And if not enough people feel that way, and just think it's an extra burden to carry, then I — that's the risk Apple is taking. But, as he points out, Apple is a little different than some of these other companies. It takes really big risks. And many of them that he listed have paid off. A few haven't. And we're going to see.
Why is it — Paul Saffo, why does Apple get so much attention? And I — here we are looking at this ourselves, I know. But is it because of this history of taking risks? Is it also — I guess they're great marketers as well, too.
They're hitting on all cylinders. They have a demonstrated history of delivering revolutionary technologies.
Their marketing is brilliant, all the way down to making sure they heard lots of donuts to give out on Saturday to people waiting in line. But it also comes down to design. There's something about Apple that its devices are more than the sum of its parts.
And the way you can tell it in the next week or two is, people are going to discover that their iPad, even though it's just the first machine and purely just for early-adopters — it's not for the mainstream yet — they're going to discover that it does as much for their sense of cool when the machine is off as when it's actually on.
And there are not a lot of computers out there that do that that don't have the Apple brand.
Now, Walt Mossberg, I mentioned that there are others coming. What's the gamble here for all these companies? They're trying to — to figure — we have been talking about the way we as consumers use computers and the way content is delivered to us. So, what's the gamble that companies now have to make in terms of coming up with a model for the future?
Well, let me — to be fair, because we don't want to just be a commercial for Apple, Dell, H.P., Lenovo, and numerous others that are primarily identified with Windows computing are coming out with tablets.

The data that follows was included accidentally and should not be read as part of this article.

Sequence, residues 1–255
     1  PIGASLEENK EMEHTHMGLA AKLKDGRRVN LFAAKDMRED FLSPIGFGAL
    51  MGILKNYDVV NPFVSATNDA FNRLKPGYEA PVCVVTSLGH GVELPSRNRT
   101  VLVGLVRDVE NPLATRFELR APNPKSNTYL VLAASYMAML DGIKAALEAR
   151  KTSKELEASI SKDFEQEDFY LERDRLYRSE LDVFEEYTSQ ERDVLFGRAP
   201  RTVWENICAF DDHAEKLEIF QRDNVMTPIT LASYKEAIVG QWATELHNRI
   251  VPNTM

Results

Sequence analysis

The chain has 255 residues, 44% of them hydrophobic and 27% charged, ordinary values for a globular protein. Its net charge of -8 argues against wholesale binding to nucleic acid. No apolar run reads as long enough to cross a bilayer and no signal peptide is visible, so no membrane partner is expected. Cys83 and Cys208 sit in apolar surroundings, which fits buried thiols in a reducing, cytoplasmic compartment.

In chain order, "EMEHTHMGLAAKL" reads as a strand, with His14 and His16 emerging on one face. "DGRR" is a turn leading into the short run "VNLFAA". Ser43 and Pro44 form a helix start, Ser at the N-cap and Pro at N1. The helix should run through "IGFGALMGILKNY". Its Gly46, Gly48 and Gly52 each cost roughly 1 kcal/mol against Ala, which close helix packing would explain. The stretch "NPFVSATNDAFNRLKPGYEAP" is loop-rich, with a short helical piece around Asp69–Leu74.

A few of them will actually run Windows controlled by finger touch. Others will run Linux, and some will run Android, which is the Google operating system for smartphones.
The gamble they're taking, Jeff, is that they can come up with something that has a simple user interface, which this does — this has the same user interface as the iPhone, which has caught on very well — but, underneath, once you use that simple interface, you actually get more capability and sophistication than you get on a smartphone. That's one.
And the other gamble they're taking is that they don't cannibalize their laptop sales, because Paul is right that this is just the beginning, but, if this does — if this trend does catch on, some people are going to say, I'm not going to buy that netbook, which is a cheap laptop. I'm not going to buy the next laptop. I will stay with my old laptop and I'm going to go with the tablet.
So, balancing — they have a lot of business decisions about pricing and margins and that sort of thing.
And, Paul, real briefly, I mean, they're also — Google is out there with another model we're waiting on to — more of a Web-based model, right? So, there's a lot more to come here.
Huge. This is a wide-open field. Apple's legitimated it, but the days are early. And there are lots of companies in the space. And we're going to see lots of fights between the companies, to the benefit of the consumers.
All right, Paul Saffo and Walt Mossberg, thank you both very much.